REVIEW: DOWNFALL OF GAIA – “Ethic Of Radical Finitude”
The newest chapter in the story of international metal innovators, Downfall of Gaia is certainly one worth telling. ‘Ethic Of Radical Finitude’ features 6 well-crafted tracks that push and pull you, lift you skyward, and then send you hurtling facefirst toward the earth.
Taking a nod from the direction of the band’s previous album, ‘Atrophy’ (2016), ‘Ethic Of Radical Finitude’ is an exploration of haunting melodies, tight song structures, and a carefully devised union of several metal subgenres. With the addition of components new to the group such as clean vocals, chimes, and spoken word passages, the result is the most mature, creative, and fulfilling album by Downfall of Gaia to date. Guitarist/vocalist Dominik Goncalves dos Reis says of the project, “There are long atmospheric parts with enough time to breathe, enough time to unfold, and on the other side there are harsh and melodic blastbeats. Each song is some kind of journey, with emotional ups and downs.”
These “emotional ups and downs” are used to powerfully convey the overarching theme of ‘Ethic Of Radical Finitude’, that being the idea of discontented minds and the never-ending pursuit for wanting more. Goncalves dos Reis asserts, “I guess everyone in life is trying to find this special warm and safe place, their special place. To feel home, to feel safe, to feel satisfied. But maybe at some point, you need to accept that it may never come, that you will never arrive.”
Album opener “Seduced By” establishes an initial sense of solace with the slow build of rich, swirling guitars, only to have the ground suddenly swallow you whole and land you into the immediate pounding chaos of “The Grotesque Illusion Of Being.” This is where we first hear the distinct vocals of Goncalves dos Reis brought forward and placed very neatly in the mix, my most significant wish-list item with the preceding album. Blastbeats and guitar drones drive the song into a soaring feeling of dark ecstasy which is eventually juxtaposed against a simple piano and then thrust back into a buzzing frenzy, ultimately punctuated by a low moaning sound which fades into the following track. It’s a masterful exercise in dynamics that leaves the listener eagerly pondering where the path may be headed next.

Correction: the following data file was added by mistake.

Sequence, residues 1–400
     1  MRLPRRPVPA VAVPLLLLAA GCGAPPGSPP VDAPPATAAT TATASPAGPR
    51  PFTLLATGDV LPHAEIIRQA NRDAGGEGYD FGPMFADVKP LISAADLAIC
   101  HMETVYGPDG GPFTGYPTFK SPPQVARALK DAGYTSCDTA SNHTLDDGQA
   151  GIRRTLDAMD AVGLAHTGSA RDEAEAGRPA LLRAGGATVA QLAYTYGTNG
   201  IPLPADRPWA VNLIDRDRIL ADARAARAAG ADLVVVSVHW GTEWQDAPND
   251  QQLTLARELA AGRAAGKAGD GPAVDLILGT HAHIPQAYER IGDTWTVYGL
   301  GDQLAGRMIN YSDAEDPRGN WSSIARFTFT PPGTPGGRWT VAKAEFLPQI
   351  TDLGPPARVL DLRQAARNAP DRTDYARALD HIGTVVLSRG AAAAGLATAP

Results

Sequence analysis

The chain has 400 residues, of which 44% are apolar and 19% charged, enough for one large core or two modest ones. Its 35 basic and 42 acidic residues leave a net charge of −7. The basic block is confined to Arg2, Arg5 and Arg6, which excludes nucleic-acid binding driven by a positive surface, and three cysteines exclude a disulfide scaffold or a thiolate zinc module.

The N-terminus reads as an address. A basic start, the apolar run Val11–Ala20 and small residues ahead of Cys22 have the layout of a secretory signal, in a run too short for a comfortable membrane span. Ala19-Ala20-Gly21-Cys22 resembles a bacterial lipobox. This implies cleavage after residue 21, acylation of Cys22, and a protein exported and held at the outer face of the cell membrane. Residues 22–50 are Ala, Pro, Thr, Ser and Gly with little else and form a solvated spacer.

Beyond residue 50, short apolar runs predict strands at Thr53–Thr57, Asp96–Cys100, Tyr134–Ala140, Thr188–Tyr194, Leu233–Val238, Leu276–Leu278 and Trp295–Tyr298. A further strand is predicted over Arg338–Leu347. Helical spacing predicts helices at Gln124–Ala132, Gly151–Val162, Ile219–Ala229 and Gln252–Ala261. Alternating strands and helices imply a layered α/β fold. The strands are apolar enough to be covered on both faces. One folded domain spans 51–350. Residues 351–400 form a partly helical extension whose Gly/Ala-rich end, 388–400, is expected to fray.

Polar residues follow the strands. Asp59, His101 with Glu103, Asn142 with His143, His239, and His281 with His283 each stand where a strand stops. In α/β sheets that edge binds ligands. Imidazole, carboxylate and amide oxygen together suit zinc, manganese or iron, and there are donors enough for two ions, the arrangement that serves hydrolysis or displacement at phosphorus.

“We Pursue The Serpent Of Time” begins with seemingly unstructured and primal drumming that sets the mysterious mood of the track which then gives way to the familiar frantic blastbeats and black metal mayhem adored by any Downfall Of Gaia devotee. Once again, this song takes a brief turn to the subdued, only to shove you mightily back into the pit soon enough. Perhaps, my favorite aspect of this song as a whole is the drumming. Drummer Michael Kadnar takes some fantastic liberties with structures and patterns that aren’t often heard done as masterfully as is here, and his methods appear to draw influence from a fusion of jazz drumming and Scottish military marches. Truly a skilled technician at work and brave creative adaptation. As guitar feedback sounds, the plinking of a dusty, haggard sounding piano leads us out and into the melodic intro of “Guided Through A Starless Night.” The journey continues.
Once more, the band charges the song forward with a sense of urgency, then caution, then intrigue. The album’s theme of emotion wrapped in dynamics is paramount here. The longest track presented on ‘Ethic Of Radical Finitude’, the capstone of “Guided Through A Starless Night” is a spoken word recited by Mers Sumida of Black Table. Her cautious approach in how she presents the poem has a tangible vulnerability that captures the atmosphere of the track in a fragile and honest way. Her weary voice cracks, “There are cemeteries that are lonely. Graves full of bones that do not make a sound. The heart and the rain move through a tunnel. In it, darkness, like a shipwreck. We die going into ourselves as though we were drowning inside our hearts.” Sumida continues, and by the end, there is no way of misunderstanding her sense of isolated despair.
This mood of somber sobriety is quickly discarded when “As Our Bones Break To The Dance” bursts through the veil with a resolution not to be mistaken for weakness in any way. Fast and mighty, this song has a feeling of epicness to it with an ending that brings to mind a freshly satiated vampire who has just finished leveling a mob of villagers and is now ready for a well-earned rest.
The album’s finale, “Of Withering Violet Leaves” allows us to exhale and contemplate for a few moments as we are brought full circle to once again soak in reverbed textures. For only a few moments though, because there is no time for a reprieve. There is a sense of finality that must be conveyed. A sprawling, driving, hungry finality that is at last bookended with a final spoken section by Mer Sumida. Haunting and damning.
Sometimes beautiful, often gutting, Downfall of Gaia’s latest offering, ‘Ethic of Radical Finitude’ is an eloquent and pointed tour de force that carries the listener through a journey of disaffection dotted with glimpses of bliss. This is one best absorbed with eyes closed and vulnerabilities opened.